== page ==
RTW in 50 Days – Tips for Traveling During Ramadan

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You may think that visiting a Muslim country during Ramadan is a mistake but our experience traveling in Egypt was superb despite the holiday.  In fact, in some ways it may have been even better.

Ramadan is the ninth month of the Islamic calendar.  Check the calendar if you want to know during which month it falls on any given year.  Ramadan is a special time of prayer, fasting and charity.  Muslims are challenged to focus more on humility, reading the Quran, giving alms and abstaining from food and drink during the daylight hours.  Fasting is taken very seriously.  During our visit there was an article in the local paper the debating whether or not Muslims could be arrested for not fasting!

The fasting changes a few things for the traveler.

First, many restaurants are either closed during the day, or run with a limited menu.  We were always able to eat, but in some cases our guide arranged for us to have lunch at a restaurant that was actually closed, but willing to accommodate us.

Secondly, alcohol is not sold during the day and in some cases not at all.  If you want a drink you may have to take it at a hotel bar or restaurant.  It is not even sold to non-Muslims or foreigners who do not observe Ramadan.  You’re outta luck.

Thirdly, a lot of people we met who were fasting seemed to run at a slower speed.  You can imagine why.  Some people may sleep during the day, since many Muslims do not sleep well at night because of waking for prayer and or to take a small meal, called sehr, in the wee hours before dawn.  Many businesses will even cut their employees’ hours or close altogether to make it easier to fast, which is obligatory with few exceptions.

At about 5pm, in preparation for breaking the fast, there is a buzz in the air.  Everyone become focused on finishing what they are doing and getting home.  Therefore, be aware that the traffic is nightmarish around this time because suddenly everyone is going home, where most Muslims break their fast.  Secondly, everything will close.  All the restaurants and shops, save very few, will not be open between 5pm and about 7:30pm, so don’t plan to do much during those hours.

[HOT TIP: Keep in mind that he times will change based on what time the sun rises and sets wherever you are.  In Turkey the breakfast is taken much later due to the fact that the sun didn’t go down until about 8:45pm when we were there in late June.]

The meal is taken after sundown is called iftar, and is known simply as “breakfast.”  At first this confused me.  Everyone is going to breakfast, at night.  I assumed they’d be eating typical first meal of the day foods.  Not the case.  A wide range of food can be eaten and meals vary each day.  Many people will begin their meal with a date infused juice and a soup to prepare the body for eating.  Typically a large meal follows.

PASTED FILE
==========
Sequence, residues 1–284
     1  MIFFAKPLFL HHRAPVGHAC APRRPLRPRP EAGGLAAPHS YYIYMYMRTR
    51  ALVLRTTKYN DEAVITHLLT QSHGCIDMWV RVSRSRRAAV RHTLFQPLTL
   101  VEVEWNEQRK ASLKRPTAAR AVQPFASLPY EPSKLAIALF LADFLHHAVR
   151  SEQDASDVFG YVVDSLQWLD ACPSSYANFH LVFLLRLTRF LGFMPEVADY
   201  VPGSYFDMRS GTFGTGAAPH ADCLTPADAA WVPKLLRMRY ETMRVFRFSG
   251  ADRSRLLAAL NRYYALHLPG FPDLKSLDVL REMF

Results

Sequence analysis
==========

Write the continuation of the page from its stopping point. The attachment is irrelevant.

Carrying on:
One of the things we enjoyed most in Egypt was  an evening dinner cruise on the Nile.  We were probably the only Americans on board.  Most of the guests were Muslim families who had come together for a special night out.  The meal was lavish.  Various grilled meats, sausages, stuffed peppers and grape leaves, pasta dishes, salads, eggplant, fruits and sweets and tea.  There was also entertainment, but no belly dancing because of the holiday.  Instead, a trio of musicians and singers and a man who danced the Tanoura, an Egyptian version of a whirling Sufi dance.  It was so impressive!

Mainly what we took away from the cruise, aside from a full belly, was the joy we saw among the families who were celebrating together.  Dancing and singing, young and old, all seemed genuinely, simply gleeful.  It was a wonderful way to observe the Egyptian culture and experience the hospitality that is so present in this part of the world.

I have to add that in after Egypt we visited Italy and then Turkey, another Muslim county with a secular government.  The rules seemed to be somewhat more relaxed in Turkey, as not quite as many of the people particularly in Istanbul are Muslim or follow the fast strictly.  Having said that, our guide invited us to partake in iftar with him both at a friend’s restaurant on Princess Island, a highlight of our time there, and at his own home.  These cultural exchanges are the reason I love to travel so much.

So, the best advice I can give is, get yourself invited to breakfast during Ramadan!

2 thoughts on “RTW in 50 Days – Tips for Traveling During Ramadan

  1. Pingback: RTW in 50 Days – TURKEY, Istanbul | Global Staci

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